How To Not Break The Law While Marketing Online

Marketing your products and services online is a thoroughly rewarding activity due to its tremendous reach. Digital marketing involves sharing of media and text to attract the attention of prospective customers, and that’s where things get murky. Not all material you see online is reusable for your own purposes. Using Google images at random, for instance, could land you in trouble because most of those images are protected by copyright. And that’s only one facet of online marketing that you need to be aware of. There are also other guidelines to consider while you are marketing your services online in a risk-free manner.

Use Free Material

The use of images or pictures is a common practice in today’s world of online marketing. However, this is a potentially dangerous activity if the images are copyright protected. A company engaging in copyright infringement could face legal consequences for the practice. Furthermore, there is a misconception that simply crediting or providing attribution in the form of a link is sufficient to safeguard against a possible legal notice. However, that’s not the case. The owner of the original material could still decide to take legal action if they decide to do so.

In order to use images or media legally, either rely on public domains such as Creative Commons or consider buying material from outlets like Shutterstock to engage in fair online marketing. This is less expensive than paying legal fees when confronted with a lawsuit. There is also the option of asking the owner of the original material for permission to use their material. Intellectual property law governs copyright infringement; consider reaching out to an experienced legal team to help you safely navigate copyright issues online.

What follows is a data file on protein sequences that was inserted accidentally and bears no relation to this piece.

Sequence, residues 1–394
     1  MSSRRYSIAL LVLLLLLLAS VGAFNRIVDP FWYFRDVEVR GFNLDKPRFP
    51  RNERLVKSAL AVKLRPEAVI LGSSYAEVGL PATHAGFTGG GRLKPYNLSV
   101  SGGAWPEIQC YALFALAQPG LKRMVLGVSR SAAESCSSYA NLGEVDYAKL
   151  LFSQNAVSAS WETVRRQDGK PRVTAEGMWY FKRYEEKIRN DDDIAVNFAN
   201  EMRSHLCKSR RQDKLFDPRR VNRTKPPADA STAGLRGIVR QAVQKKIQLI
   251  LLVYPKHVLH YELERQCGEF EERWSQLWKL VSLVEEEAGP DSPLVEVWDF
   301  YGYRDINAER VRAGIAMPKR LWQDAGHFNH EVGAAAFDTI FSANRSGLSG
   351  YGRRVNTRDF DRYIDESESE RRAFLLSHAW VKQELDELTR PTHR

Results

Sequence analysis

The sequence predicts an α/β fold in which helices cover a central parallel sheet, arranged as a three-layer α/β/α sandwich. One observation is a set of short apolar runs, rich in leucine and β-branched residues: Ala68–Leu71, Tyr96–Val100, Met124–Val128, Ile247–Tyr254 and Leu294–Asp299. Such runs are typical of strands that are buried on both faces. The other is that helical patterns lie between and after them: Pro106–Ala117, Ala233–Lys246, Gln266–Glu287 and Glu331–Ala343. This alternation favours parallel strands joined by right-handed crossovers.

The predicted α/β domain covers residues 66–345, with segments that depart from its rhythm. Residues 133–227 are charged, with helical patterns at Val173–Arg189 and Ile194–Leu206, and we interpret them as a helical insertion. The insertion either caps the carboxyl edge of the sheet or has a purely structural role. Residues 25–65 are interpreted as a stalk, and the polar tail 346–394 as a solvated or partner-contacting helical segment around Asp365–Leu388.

Avoid Ungrounded Claims

Immoral or deceptive advertising can lead to legal trouble. In order to prevent immoral marketing, it’s important for online marketers to back-up their claims with legitimate research. It’s important for the advertisers to provide ‘reasonable bases’ for the claims that they make. This also includes misleading or deceptive advertisement tactics.

Avoid Misleading Endorsement Tactics

The classic example of dishonest endorsement was unraveled in 2014 when employees of Sony’s advertising agency were found to create excitement about their key product – the PlayStation. Under normal circumstances, there is little wrong with the practice. However, the employees withheld information about their affiliation with their company, and that’s considered an incomplete disclosure of information – misleading and inappropriate.

Your case could fall under the umbrella of intellectual property litigation or general litigation depending on its specific details. It’s best to approach an experienced law firm in order to gain more clarity about your position and understand the options available to you.